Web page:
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Wednesday, January 27, 2010

on saturday

sherbet-colored houses

We went to Rugby (the town, not the sport, although that's where we get rugby). Fran thought I meant rugby when I meant Rugby so she was surprised about halfway there. Oh, that's why you wore those clothes! Ha. We went to the gallery where my work is and then walked around the town. I had been there before, this summer, to see the Museum of Everyday Life.

Earlier that morning, terrible but joyously noisy breakfast with entire Beeston contingent, charity-shop shopping (where I found a really beautiful blue midcentury ceramic pitcher for £3), and walking in the brief sunshine. I love mornings. And my life.

Best part of the day was telling some (12-year-old) kids who tried to harass us that we were from an (imaginary) republic where there were no cars, and confusing them when they tried to explain (or point cars out) by calling them 'cows'. And our names began with a letter that was unpronounceable in English. And that we'd walked to Rugby--but very quickly, on the motorway, so it only took 20 minutes. Also gleaned the valuable information from said lads that ASDA is indeed Rugby's best candy shop. Out of the mouths of babes, folks.

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Thursday, January 21, 2010


where are we going?

Tomorrow morning I start the first regular teaching I've had since I left France. This marks the end of the luxurious period of only-reading-only-writing-only-making of the PhD. Where are we going?

I am sure there will still be trains, also the ocean. Paris. Flowers in the spring. And poems, photobooths, the birdwoman, adventures, all the things I like. And things I don't know I like yet, like 18th-century British history, commuting, and grownup clothes. And and and. This is why I like teaching--my students remind me to think about how much there is to know and how exciting it is to start to know it.

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Sunday, January 17, 2010


waning moon, weeping birch

The grain guarantees the mediation and points me beyond the representation (the photograph) and to the Real (which, despite all postmodern tendencies, I find I do believe in, in my fashion). This is the moon at 5:15 p.m. today. Still a little light in the western sky; I can't believe how fast winter is going this year. I love this flickr group: The Archival Moon and Waiting.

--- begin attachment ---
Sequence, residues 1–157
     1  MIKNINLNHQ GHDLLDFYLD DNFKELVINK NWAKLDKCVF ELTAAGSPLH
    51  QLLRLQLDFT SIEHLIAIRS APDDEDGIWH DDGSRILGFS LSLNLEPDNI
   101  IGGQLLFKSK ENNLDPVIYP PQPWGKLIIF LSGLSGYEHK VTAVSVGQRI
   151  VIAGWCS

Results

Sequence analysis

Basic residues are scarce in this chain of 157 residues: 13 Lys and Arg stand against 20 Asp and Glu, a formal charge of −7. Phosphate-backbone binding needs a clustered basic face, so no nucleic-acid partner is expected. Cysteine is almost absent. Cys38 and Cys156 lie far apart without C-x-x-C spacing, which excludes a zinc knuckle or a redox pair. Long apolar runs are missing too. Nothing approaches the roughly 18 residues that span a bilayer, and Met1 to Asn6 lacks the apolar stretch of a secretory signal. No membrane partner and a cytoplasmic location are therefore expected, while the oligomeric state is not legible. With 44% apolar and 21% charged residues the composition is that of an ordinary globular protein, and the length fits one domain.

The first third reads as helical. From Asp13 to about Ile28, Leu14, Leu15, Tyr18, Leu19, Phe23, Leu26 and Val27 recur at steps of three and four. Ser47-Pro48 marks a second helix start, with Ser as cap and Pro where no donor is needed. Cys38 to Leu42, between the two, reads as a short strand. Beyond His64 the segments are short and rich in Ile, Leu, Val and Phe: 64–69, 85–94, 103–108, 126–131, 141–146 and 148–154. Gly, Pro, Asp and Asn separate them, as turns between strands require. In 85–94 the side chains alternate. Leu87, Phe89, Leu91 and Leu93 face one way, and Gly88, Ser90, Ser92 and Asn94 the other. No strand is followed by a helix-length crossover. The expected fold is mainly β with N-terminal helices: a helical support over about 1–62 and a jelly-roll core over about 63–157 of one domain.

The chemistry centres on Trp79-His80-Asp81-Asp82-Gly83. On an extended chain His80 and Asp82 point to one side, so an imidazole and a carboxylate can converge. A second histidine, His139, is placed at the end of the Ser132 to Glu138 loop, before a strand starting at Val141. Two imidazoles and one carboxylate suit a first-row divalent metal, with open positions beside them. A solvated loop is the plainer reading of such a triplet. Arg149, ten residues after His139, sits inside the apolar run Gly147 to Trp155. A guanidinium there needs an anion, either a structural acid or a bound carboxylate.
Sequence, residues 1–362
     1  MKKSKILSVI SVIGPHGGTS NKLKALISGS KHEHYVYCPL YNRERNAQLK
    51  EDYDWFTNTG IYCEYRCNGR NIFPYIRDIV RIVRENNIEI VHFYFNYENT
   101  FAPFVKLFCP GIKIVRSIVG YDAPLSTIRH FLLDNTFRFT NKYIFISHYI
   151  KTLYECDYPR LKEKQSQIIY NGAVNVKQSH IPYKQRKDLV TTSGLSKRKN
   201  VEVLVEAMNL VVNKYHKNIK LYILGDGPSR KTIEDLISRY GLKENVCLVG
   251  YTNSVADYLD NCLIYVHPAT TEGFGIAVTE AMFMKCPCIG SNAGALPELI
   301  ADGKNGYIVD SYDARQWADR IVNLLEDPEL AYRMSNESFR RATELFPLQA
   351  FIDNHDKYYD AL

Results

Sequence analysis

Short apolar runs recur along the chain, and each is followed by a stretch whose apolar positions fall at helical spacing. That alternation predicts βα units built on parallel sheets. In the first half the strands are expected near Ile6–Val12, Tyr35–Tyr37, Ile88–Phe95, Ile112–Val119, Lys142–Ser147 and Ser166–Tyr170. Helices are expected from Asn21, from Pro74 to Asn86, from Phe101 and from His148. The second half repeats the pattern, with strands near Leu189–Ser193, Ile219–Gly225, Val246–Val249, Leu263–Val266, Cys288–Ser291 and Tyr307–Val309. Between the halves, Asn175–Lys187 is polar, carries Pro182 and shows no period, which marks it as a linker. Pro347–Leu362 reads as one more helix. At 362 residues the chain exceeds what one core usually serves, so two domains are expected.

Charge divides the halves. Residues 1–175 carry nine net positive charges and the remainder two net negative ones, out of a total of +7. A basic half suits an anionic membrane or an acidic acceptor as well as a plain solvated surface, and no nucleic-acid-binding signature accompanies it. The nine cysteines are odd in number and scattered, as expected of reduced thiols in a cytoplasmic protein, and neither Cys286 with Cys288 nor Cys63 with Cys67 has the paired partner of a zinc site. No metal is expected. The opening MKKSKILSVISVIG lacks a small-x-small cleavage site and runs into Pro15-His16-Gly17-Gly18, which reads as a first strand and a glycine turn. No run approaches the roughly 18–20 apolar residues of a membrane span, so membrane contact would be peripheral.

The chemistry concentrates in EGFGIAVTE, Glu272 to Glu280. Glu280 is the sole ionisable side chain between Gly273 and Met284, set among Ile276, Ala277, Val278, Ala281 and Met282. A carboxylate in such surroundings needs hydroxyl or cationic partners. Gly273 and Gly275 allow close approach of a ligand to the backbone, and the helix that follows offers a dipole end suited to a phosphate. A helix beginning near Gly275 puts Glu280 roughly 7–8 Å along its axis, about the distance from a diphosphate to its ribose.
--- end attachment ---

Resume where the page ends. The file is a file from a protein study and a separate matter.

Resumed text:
Tomorrow I go back to the library, where I'm writing about textual ontology and reading books about art history. On Friday I start teaching again, as a lecturer in Leicester. Birds, rabbits, some Dutch, some French, some cakes, and probably lots of photographs in the interim. How are you?

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Tuesday, January 12, 2010

there is a light and it never goes out

I didn't listen to the Smiths in high school. Or university. Or graduate school, the first time. I discovered them in April, after two years in the UK and in the aftermath of a cataclysmic breakup. They are so absolutely English to me. The ennui, the feeling of being caught somewhere small. The 'do I dare disturb'-ness of it (yes, I know Eliot was American). The ironic posturing. The sincerity buried underneath it all. The bleakness. The beauty in the damp, dark, watery, days: there is a light and it never goes out. Listening to this song makes me nostalgic for an adolescence that doesn't belong to me.

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Monday, January 11, 2010

no unified aesthetic here, I'm afraid

(I love having a camera that works. Thank you, Jonathan.)

I didn't realise Mieke Willems was two people, or that their shop is in Antwerp. Now I know. The second piece of information is more pertinent to me. Next time I'm in Belgium I'll go there and see the shop.

Drawing as both pushing away (pencil on paper) and pulling near, says WJT Mitchell. That's how I feel about very spare aesthetics (like MW above, or Fine Little Day, or, Martha, or Camilla Engman, or 88). I wish I could do it but somehow I always end up with a riot of pink, green, yellow, flowers everywhere, postcards balanced on pictures, a gingham tablecloth.

Sometimes I feel like I am not serious enough!

How could that possibly be.

Recent find--more of that spareness thing I want but can't: Dear Oly.

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Sunday, January 10, 2010

I love this.

above my desk

"But if you really learn how to pay attention, then you will know there are other options. It will actually be within your power to experience a crowded, hot, slow, consumer-hell type situation as not only meaningful, but sacred, on fire with the same force that made the stars: love, fellowship, the mystical oneness of all things deep down.

"Not that that mystical stuff is necessarily true. The only thing that's capital-T True is that you get to decide how you're going to try to see it.

"The really important kind of freedom involves attention and awareness and discipline, and being able truly to care about other people and to sacrifice for them over and over in myriad petty, unsexy ways every day.

"That is real freedom. That is being educated, and understanding how to think. The alternative is unconsciousness, the default setting, the rat race, the constant gnawing sense of having had, and lost, some infinite thing."

-David Foster Wallace, from this.

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Wednesday, January 6, 2010

a list, and help required.

birdwoman, meet kabouter.